Royal Bank of Scotland (RBS) has now set aside £2.6 billion to pay for its part in payment protection insurance (PPI) mis-selling, according to the group's latest financial results.

An additional £250 million was added during the third quarter of the year, from July to September, to cope with the demand for PPI claims (see our Reclaim PPI for Free guide for how to claim yourself).

As of 30 September the banking group, which includes NatWest, Royal Bank of Scotland and Ulster Bank, had paid out a total of £1.9 billion to customers who were mis-sold PPI policies.

Of the £2.6 billion set aside for dealing with PPI, administration costs account for £300 million. The rest is being paid out to customers.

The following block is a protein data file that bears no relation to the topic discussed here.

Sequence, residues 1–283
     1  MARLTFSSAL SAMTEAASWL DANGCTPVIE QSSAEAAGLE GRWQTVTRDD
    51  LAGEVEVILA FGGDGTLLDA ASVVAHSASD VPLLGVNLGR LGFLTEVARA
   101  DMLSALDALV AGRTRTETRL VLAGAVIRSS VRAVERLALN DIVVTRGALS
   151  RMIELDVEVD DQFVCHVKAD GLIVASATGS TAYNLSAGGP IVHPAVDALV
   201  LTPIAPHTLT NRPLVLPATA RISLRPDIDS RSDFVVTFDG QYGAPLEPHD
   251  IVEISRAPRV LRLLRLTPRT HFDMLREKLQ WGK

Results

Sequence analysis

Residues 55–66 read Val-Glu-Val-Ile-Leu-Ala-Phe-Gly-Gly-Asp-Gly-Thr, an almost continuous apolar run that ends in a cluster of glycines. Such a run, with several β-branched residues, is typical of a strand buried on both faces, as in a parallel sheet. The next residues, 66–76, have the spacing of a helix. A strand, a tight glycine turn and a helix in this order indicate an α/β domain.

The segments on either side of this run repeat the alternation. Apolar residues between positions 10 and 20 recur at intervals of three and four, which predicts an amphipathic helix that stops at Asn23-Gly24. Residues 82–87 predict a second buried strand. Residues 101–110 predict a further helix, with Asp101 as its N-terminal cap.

RBS says it's currently upholding 68% of PPI complaints, with the average redress totalling £1,736.

Lloyds Banking Group announced on Tuesday that it was putting an extra £750 million aside to cover PPI, taking its total bill to over £8 billion (see the Lloyd's PPI mis-selling bill soars MSE News story).

RBS, which is 81% state-owned, also today announced losses of £634 million for the latest quarter. It will create an internal "bad bank" to deal with £38 billion of problem loans over the next three years.

Additional reporting by the Press Association.

Martin Lewis
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